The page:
My Child Is In An Inclusion Classroom. Should I Be Worried?

With the school year quickly approaching us, many parents are beginning to learn a bit more about what the school year will bring for their children. A question we often get from parents is whether or not they should be nervous about their child with no special needs being in an inclusion classroom.

We know that it can be hard to imagine because of all of the horror stories people tell about schools being ill-equipped to handle children with special needs, but inclusion classrooms are a great situation for everyone involved. First of all, the fact that your classroom is an inclusion classroom means that the child/children with special needs are on a defined education plan, and have already worked on what the best strategies are for not only their education, but how to keep them calm and ready to learn in a classroom environment.

With that in mind, inclusion classrooms have a much better teacher-student ratio than traditional classrooms. As special needs children often require an instructor to help them pay attention and learn at their own speed, inclusion classrooms have more adults in the classroom at any given time. While the special needs instructors are there for their special needs students, they will be able to collaborate with the head teacher to keep the classroom calm and informative for every student. In addition, if your child has a question during a lesson, they might be able to ask the special needs instructor instead of disrupting the head teacher with a question. Little things like this add up over the course of the year, and you will find that inclusion classrooms are great not only for children with special needs, but for the students in the class without special needs.

One thing many parents get nervous about when it comes to inclusion classrooms is how the teacher(s) will react to a student with special needs acting up and disrupting the class. As we stated before, there are a lot of “horror stories” concerning special needs students disrupting the normal flow of a classroom. While there is some level of truth to this, that disruption often comes before the establishment of their IEP, which contains thoroughly researched and practiced strategies and methods to help the student with special needs develop without distracting themselves or others. Essentially, being in an inclusion classroom means that there are a certain amount of students in your class that teachers are perfectly prepared to deal with in the event of an outburst, which cannot be said about the children without IEPs. Compare that to troublesome students who might not have an IEP: does it really matter if they have or don’t have special needs if they are a disruption to your students’ education? At the end of the day, you just want your child to learn without interruption: IEPs and inclusion classrooms help them do that.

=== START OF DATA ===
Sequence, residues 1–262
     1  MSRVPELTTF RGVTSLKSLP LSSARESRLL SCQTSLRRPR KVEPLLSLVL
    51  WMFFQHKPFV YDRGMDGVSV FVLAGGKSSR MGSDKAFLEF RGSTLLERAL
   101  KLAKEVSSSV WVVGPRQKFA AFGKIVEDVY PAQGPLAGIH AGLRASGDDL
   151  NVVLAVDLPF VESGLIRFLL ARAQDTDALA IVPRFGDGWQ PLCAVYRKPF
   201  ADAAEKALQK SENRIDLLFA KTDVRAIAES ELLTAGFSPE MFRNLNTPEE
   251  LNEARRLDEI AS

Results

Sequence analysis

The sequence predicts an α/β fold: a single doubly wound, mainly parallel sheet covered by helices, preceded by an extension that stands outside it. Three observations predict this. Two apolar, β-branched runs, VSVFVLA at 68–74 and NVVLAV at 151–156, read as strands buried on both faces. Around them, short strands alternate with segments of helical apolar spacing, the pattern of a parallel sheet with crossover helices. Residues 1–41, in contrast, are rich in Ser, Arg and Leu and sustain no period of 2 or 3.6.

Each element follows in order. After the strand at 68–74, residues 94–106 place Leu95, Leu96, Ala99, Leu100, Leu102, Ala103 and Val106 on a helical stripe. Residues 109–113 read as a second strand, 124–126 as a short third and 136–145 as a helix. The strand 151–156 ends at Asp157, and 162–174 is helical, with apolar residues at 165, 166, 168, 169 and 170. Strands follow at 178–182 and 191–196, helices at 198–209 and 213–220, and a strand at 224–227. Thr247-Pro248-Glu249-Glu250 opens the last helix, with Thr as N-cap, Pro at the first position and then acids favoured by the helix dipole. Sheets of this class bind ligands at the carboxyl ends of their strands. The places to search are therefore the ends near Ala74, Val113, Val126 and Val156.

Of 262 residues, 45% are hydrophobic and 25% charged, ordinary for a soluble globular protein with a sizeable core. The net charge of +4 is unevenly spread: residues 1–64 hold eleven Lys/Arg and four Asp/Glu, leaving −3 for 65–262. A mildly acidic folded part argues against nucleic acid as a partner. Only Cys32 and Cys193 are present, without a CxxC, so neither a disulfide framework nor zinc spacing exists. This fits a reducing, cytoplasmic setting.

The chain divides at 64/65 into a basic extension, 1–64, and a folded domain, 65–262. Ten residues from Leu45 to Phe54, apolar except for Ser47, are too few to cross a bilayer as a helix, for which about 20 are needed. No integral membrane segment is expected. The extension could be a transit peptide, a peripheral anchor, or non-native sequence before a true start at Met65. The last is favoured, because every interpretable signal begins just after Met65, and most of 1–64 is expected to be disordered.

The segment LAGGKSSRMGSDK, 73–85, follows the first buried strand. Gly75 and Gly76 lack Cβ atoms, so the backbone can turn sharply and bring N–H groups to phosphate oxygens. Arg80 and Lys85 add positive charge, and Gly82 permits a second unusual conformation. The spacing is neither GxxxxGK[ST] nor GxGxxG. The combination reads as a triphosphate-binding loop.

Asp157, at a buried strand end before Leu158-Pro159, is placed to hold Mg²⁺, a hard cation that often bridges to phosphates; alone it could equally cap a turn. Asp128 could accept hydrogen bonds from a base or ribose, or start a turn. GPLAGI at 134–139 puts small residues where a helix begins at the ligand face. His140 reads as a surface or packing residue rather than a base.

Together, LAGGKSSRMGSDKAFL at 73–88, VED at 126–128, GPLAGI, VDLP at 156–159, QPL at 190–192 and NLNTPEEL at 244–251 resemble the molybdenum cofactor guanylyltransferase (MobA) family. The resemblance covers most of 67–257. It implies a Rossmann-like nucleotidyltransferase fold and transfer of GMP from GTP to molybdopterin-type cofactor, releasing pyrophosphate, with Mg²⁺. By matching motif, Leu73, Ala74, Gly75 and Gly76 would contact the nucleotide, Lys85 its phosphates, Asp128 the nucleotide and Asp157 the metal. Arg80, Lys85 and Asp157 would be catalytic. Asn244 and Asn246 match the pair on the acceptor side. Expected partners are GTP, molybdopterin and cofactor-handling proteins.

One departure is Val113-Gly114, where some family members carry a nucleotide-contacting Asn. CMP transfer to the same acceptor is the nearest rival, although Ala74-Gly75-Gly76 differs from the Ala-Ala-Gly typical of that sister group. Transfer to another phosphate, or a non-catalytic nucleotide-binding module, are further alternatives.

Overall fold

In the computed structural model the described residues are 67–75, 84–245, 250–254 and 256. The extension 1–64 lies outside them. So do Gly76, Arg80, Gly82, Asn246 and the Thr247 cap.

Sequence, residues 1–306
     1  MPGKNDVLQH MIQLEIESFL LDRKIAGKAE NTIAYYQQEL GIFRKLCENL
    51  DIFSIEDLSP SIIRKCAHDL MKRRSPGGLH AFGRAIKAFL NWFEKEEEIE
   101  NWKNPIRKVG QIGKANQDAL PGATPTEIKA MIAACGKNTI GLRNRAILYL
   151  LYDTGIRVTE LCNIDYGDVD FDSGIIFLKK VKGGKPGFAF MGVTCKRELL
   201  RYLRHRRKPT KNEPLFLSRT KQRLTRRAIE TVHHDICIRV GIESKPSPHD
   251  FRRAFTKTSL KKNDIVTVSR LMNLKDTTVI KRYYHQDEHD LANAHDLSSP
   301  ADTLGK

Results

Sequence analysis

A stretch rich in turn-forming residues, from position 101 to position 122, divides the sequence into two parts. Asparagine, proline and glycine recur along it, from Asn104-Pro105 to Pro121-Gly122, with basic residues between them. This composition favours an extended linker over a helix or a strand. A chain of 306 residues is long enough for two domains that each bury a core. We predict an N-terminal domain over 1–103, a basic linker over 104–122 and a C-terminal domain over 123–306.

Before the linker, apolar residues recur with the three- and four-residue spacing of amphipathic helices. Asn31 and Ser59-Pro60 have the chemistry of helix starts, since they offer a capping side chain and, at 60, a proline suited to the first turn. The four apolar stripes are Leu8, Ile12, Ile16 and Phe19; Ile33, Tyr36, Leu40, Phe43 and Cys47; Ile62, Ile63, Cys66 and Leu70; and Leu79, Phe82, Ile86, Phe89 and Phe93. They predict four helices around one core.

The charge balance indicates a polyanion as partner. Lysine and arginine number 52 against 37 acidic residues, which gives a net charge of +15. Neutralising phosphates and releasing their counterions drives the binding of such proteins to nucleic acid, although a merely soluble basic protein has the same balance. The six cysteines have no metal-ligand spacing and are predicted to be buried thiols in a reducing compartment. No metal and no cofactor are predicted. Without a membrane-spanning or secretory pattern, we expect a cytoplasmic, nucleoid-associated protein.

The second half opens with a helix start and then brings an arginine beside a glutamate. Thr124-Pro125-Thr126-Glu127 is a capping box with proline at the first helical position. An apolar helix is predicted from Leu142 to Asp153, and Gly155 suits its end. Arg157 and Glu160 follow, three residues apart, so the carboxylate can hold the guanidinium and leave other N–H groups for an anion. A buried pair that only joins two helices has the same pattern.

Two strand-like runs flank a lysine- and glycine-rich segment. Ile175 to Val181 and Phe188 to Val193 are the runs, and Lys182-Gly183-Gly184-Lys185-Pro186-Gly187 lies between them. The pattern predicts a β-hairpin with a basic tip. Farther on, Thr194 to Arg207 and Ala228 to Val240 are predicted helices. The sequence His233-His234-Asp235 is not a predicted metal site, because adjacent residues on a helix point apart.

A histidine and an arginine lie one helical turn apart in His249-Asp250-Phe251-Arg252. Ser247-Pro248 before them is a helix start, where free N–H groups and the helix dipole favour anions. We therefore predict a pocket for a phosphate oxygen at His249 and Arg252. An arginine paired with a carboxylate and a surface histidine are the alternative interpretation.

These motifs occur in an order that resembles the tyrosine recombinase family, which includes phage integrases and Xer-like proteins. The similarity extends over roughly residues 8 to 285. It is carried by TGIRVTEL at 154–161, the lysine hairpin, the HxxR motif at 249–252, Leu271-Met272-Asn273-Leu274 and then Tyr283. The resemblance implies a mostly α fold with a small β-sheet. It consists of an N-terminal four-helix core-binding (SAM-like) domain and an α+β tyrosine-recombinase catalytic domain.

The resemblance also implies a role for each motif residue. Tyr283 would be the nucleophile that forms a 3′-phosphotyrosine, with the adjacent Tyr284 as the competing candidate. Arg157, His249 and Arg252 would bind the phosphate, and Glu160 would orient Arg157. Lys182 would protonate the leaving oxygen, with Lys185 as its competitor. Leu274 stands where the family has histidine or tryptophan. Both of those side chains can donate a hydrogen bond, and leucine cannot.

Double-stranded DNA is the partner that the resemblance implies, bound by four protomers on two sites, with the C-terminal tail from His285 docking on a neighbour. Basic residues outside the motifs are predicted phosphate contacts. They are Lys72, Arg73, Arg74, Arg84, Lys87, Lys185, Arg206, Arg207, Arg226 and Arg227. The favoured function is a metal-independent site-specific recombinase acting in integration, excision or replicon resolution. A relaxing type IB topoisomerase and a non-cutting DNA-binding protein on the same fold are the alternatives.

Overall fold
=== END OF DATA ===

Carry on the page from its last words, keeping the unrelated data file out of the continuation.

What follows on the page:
If you would like to learn more about special needs in our schools, please continue to visit our site as we continue to write more content. Have a wonderful Monday!

IDEA: Individuals with Disabilities Education Act

This monumental piece of legislation stems from an earlier Act in 1975 called The Education For All Handicapped Children Act. As of 2001, more than 6 million children in the United States were characterized as disabled. The IDEA Act requires that public schools provide specialized services for children with disabilities from birth to the age of 21 years old.

One of the ways they do this is by creating an Individualized Education Program also known as an IEP. Every student who is disabled is mandated by law to have an IEP. An IEP is a plan designed by parents, teachers, specialists and if possible the student to determine current achievement level as well as specific goals to be fulfilled by the end of the year as well as services necessary to achieve those goals.

Disabilities that are covered an IEP include:

  • Autism
  • Deaf-Blindness
  • Deafness
  • Emotional Disturbance
  • Hearing Impairment
  • Intellectual Disability (Mental Retardation)
  • Multiple Disabilities
  • Orthopedic Impairment
  • Other Health Impairments
  • Specific Learning Disability
  • Speech or Language Impairment
  • Traumatic Brain Injury
  • Visual Impairment